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Tuesday, November 23, 2010

Not a Good Time to Lose One's Head

As I demonstrated in a previous post, the defacement of library books is a common occurrence. However, one patron took the concept of defacing to a fabulously literal level by removing (for reasons unknown) the protagonist's face from the cover of this romance novel:



As we all know, destroying a book cover is wrong. However, I think the real crime here is that we'll never know if this man was in fact "criminally" handsome.

Wait, what am I saying?? I'm a librarian. I know how to use Google!



Hmm. I'm going to let you judge for yourselves about the legality of his handsomeness. (Photo borrowed from Amazon.com.)

Now the fun part will be guessing what this purloining patron did with the poor guy's ripped-off visage. Did she tape his face over her ex-husband's in their wedding photo? Create a romance-novel-hero voodoo doll? Put on a puppet show? The possibilities are endless.

Godspeed, little criminal.

Tuesday, November 16, 2010

If You Read Something, Say Something

I recently attended a lovely librarian preview at a well-renowned children’s publishing house. (Note: the preview itself was lovely; it wasn’t specifically for lovely librarians, although many of the librarians there were indeed lovely. But I digress.) I received the customary tote bag full of galleys, which I happily schlepped around with me for the rest of the day. After the morning preview, I had lunch with my fellow librarian and then helped him shop for new apartment stuff. After walking to Midtown from Greenwich Village, I met up with another friend at his office (which meant hanging out in the Fox News building – an interesting experience in itself) and we got some drinks after he finished work. Sufficed to say, I was completely exhausted by the time I headed home that evening. And, full disclosure, I had consumed two glasses of wine on a near-empty stomach. This is never a good idea, but hey, I’m not exactly known for my good ideas.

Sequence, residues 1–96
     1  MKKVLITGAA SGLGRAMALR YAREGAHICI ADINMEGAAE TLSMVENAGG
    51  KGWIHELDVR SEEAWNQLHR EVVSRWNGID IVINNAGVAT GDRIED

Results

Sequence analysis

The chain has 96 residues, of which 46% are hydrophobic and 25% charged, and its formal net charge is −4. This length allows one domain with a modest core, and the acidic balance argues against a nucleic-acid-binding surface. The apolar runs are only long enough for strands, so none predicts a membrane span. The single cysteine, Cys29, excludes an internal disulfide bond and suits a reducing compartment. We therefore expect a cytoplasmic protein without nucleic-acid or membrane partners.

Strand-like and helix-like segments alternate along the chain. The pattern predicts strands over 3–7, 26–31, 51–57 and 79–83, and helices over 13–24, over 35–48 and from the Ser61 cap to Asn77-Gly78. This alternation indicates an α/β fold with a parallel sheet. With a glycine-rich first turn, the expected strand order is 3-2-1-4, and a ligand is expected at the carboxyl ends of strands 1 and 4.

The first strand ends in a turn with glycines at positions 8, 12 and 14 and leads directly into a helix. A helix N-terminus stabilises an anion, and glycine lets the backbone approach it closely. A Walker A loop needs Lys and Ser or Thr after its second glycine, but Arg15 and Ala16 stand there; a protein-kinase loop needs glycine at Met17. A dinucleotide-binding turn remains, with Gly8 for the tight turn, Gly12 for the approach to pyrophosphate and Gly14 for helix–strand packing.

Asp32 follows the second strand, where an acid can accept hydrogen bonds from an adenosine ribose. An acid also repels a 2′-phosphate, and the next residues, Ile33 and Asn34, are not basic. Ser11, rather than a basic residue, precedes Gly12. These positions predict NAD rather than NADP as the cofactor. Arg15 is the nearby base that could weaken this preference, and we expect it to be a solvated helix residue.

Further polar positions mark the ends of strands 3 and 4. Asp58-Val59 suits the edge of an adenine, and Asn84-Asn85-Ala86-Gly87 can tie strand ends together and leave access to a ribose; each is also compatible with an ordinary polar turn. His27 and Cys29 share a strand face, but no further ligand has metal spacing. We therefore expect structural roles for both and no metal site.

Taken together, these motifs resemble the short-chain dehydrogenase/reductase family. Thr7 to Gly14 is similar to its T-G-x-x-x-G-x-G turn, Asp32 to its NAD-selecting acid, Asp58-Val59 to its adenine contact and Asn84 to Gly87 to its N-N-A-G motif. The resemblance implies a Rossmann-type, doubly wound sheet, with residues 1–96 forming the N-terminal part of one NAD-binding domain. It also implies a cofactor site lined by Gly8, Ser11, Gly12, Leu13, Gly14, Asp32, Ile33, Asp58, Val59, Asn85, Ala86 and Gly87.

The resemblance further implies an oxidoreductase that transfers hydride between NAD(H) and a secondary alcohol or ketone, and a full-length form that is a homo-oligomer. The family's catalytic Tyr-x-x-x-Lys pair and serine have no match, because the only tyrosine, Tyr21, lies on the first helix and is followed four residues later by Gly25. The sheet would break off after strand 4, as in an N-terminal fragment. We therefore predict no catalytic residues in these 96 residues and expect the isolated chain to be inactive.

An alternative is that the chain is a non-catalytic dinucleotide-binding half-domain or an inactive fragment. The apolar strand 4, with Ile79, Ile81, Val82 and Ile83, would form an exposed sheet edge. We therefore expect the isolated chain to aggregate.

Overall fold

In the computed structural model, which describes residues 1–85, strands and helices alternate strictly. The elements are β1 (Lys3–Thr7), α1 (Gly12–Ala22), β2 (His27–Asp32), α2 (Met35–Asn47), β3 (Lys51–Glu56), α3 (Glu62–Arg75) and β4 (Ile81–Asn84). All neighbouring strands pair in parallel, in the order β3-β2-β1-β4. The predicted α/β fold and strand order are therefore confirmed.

So, I sat on the subway, tired from the day, melancholy from the wine, and sharply aware of the soreness in my arms caused by my book-filled tote bag, which had gotten increasingly heavy with each passing hour. A few stops into the trip, a man boarded, pushing a stroller with one hand and leading his young (two years old? three?) son onto the subway car with the other hand. The child sat by himself on a seat while his dad stood next to him with the stroller. Watching this cute little kid - who was sitting quietly with his hands folded, looking around at everything with fascination - melted something in my cold librarian heart.


I rooted through the tote bag and searched for the most age-appropriate book I could find. After picking one out, I walked over to the boy and, without saying a word, handed him the book. He stared at me for a moment, wide-eyed, then smiled and opened the book to the first page. As I walked back to my seat, the dad thanked me. He leaned over, still gripping the stroller, to read the book to his son, using silly voices for the different characters. The kid was laughing and pointing to the pictures. The baby in the stroller was completely ignoring the two of them, yawning drowsily and beautifully. Me? I was a goner from the moment the kid smiled at me. I watched the family until my stop came up, stupidly smiling through tears, feeling like some eccentric book-giving weirdo. The dad thanked me again when I exited the subway. All I could manage to say was: “No problem.” Pure eloquence.